RIM seems to understand the problem too as it plans to release an entirely new line of phones running its new BlackBerry 10 OS later this year. The new touch-friendly BlackBerry London phone, complete with a bigger screen and faster processor than we’ve seen on a BlackBerry before, should arrive by fall. If you must have a BlackBerry, this is the one to wait for.

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Microsoft lanzará su suite de ofimática Office el próximo mes de noviembre para el iPad. Sin embargo, Office no estará exclusivamente disponible para el ‘tablet’ iOS sino también para los ‘tablets’ con sistema operativo Android. Los de Redmond lanzarán la suite de ofimática al mismo tiempo para las dos plataformas, que se esperan para el mes de noviembre.

Desde el pasado mes de noviembre, una serie de rumores apuntaban hacia la existencia de Office para iPad y su inminente lanzamiento. Estas informaciones aseguraban que el gigante Microsoft podría estar desarrollando una adaptación de la versión actual de Office en forma de aplicación para iPad y, además, también lanzaría una nueva versión de Office para el OS X Lion de Mac a finales del 2012.

Ya en febrero, nuevas informaciones apuntaban que en ese mismo mes la aplicación de Office para iPad llegaría a la App Store, ya que solo faltaba la aprobación de Apple. Sin embargo, por el momento nada relacionado con Office ha aparecido en la tienda de aplicaciones de Apple.

Ahora, según ha confirmado una “fuente confiable” de Microsoft al portal BGR la aplicación de Microsoft Office para iPad llegará el próximo mes de noviembre, pero no lo hará solo para esta plataforma. La misma fuente asegura que los ‘tablets’ con sistema operativo Android también disfrutarán de esta aplicación, y serán lanzadas a la vez en ambas tiendas de aplicaciones.

Microsoft ya cuenta con algunas aplicaciones disponibles para el iPad como Bing, MSN y ONIT OnPoint MSN. Hay incluso más aplicaciones disponibles para el iPhone, donde se incluyen Microsoft Tag, Windows Live Messenger y Wonderwall. Por su parte, Office es el software más vendido de Microsoft, sólo superado por Windows. En 2011, la suite de software supuso 11.139 millones de euros (15.000 millones de dólares) para Microsoft.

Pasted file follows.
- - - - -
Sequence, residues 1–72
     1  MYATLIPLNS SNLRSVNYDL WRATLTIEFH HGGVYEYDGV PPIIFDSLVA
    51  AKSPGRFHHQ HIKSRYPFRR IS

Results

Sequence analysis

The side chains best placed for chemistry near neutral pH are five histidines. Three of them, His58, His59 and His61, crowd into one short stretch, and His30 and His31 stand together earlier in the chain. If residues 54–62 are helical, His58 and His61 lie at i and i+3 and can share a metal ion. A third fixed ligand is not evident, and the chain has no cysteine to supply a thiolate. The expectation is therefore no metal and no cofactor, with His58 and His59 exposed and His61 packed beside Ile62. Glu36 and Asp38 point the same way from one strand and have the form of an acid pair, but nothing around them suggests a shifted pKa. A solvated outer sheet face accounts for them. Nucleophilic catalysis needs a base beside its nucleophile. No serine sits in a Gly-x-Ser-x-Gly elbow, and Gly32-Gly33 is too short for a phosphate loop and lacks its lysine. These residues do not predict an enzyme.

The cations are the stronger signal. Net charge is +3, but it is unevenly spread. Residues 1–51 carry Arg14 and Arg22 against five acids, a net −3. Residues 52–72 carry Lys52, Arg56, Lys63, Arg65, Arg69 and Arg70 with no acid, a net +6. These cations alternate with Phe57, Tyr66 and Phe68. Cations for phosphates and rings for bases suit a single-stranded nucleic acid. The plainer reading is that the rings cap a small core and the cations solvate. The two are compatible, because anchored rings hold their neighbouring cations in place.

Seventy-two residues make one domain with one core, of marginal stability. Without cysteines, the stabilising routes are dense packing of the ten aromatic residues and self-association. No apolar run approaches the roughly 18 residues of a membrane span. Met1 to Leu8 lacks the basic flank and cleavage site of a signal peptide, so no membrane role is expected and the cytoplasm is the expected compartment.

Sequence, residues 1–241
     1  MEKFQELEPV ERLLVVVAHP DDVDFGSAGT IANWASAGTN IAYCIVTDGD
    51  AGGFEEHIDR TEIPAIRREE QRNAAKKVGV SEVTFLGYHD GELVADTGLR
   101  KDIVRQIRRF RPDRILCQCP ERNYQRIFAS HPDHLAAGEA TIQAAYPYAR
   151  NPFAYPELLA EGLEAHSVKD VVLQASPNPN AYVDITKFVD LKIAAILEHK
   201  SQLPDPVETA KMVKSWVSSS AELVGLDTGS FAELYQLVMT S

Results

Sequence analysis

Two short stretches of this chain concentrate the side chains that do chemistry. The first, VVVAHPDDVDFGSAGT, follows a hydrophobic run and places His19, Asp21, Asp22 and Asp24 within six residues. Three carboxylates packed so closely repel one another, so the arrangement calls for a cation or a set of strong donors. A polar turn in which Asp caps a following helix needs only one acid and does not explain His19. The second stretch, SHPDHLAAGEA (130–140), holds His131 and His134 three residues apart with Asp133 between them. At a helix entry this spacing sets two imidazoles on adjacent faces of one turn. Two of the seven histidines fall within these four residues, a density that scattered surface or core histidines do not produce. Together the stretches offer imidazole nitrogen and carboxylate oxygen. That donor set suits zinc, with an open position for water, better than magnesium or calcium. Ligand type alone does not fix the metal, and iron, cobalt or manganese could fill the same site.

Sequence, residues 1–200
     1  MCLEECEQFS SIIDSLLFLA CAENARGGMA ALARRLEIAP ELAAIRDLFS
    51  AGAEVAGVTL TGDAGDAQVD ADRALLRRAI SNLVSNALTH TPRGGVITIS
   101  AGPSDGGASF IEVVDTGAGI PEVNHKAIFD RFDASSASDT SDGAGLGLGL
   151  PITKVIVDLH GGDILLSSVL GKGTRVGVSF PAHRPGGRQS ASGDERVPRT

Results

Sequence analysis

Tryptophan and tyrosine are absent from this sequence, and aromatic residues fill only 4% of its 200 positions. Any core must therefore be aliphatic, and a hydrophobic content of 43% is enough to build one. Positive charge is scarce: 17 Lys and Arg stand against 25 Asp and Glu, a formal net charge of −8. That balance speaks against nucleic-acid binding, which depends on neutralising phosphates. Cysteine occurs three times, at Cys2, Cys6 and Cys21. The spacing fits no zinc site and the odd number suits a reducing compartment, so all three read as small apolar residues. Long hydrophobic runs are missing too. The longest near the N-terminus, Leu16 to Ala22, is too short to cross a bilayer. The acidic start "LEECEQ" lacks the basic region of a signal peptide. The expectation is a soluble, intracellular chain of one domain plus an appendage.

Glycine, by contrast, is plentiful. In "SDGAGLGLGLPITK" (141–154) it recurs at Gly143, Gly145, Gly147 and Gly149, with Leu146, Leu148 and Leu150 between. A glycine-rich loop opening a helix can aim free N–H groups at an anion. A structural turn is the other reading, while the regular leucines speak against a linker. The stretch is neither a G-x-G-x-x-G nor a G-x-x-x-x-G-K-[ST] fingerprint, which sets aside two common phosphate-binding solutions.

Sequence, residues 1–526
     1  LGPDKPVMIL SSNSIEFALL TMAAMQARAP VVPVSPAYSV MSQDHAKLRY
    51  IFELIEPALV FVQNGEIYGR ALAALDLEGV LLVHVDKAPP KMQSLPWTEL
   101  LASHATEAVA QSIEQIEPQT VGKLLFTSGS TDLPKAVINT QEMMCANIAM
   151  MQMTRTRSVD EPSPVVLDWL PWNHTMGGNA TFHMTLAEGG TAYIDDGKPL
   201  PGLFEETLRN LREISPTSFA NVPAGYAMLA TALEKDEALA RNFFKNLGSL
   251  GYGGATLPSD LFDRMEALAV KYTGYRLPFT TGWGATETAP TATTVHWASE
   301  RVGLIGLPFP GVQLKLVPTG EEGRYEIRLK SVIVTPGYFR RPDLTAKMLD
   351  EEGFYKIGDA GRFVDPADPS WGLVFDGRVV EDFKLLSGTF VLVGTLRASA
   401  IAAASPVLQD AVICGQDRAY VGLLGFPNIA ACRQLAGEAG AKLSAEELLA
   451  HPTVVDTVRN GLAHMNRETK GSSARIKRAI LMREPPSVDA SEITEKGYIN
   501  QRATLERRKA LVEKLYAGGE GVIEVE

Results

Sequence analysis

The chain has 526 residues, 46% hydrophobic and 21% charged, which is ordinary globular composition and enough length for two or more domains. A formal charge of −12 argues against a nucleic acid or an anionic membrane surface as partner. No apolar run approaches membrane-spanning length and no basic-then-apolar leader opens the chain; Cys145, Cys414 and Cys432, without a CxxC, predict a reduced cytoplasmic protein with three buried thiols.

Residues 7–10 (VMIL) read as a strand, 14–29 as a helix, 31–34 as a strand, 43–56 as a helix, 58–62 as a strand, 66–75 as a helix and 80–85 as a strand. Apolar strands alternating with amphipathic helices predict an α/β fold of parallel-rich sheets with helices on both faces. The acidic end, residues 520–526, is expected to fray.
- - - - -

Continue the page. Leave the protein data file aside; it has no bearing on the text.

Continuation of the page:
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On Monday, Apple announced its new cloud-based media service iCloud. The service allows users to store music, photos, and apps on Apple’s servers and access them from their iOS devices, Macs, or PCs.

That’s great for music and photography fans, but what about us cinefiles and gamers? Where’s our love? For now, Apple isn’t showing us much, but the potential exists to integrate the service with games and movies in a way that no one has done before, and it just so happens that I have a few suggestions about how that should come to be.

As a side note, I’d just like to say how much I’m looking forward to no longer being burdened by iTunes’ restrictive nature when it comes to my music. Before iCloud, if I wanted to buy a song through iTunes at home, sync it to my iPhone, then transfer that song to my Tunes library at work, I couldn’t. Which is ridiculous and antiquated functionality that I am very happy to see go.

This was an issue for years, and I’m surprised it’s taken this long to see it fully addressed. So I guess a thanks to Apple is in order; however, it’s one of those thanks a wife gives her husband after she’s reminded him five times to take out the now-overflowing garbage, and he finally does.

Games
If you’ve (literally) bought into the the Apple iDevice ecosystem and you’re a gamer, you likely use both your iPhone/iPod Touch and iPad to game.

I personally prefer gaming on the iPad over the smaller iDevices, but will use my iPhone when I’m away from home. The iPad is more of a “couch/bed computer” and usually doesn’t leave the relative safety of my abode.

So, when I’m on the bus or sitting in a theater alone waiting for my third viewing of “Thor” to start, out comes the iPhone. I use it to pass the time and distract myself from the fact that I’m sitting in a theater alone waiting for my third viewing of “Thor” to start.

Whether it’s Infinity Blade or Cut the Rope, eventually the time comes when I need to stop playing, usually right in the middle of particularly difficult fight or level. Then, after the movie’s over and I’ve wiped my eyes dry of tears–hopefully before my wife sees me–I’ll want to continue my casual gaming experience at home, starting from the exact point I left off.

Currently, I have no choice but to continue playing on my 3.5-inch screen, while the much larger and sexier screen of the iPad taunts me from the coffee table as only a foul temptress can.

I propose that Apple implements a way to store game progress info from your iDevice to the cloud and pushes it to your other iDevices, making the Apple ecosystem that much more appealing and also catering to what understandably could be my very particular needs.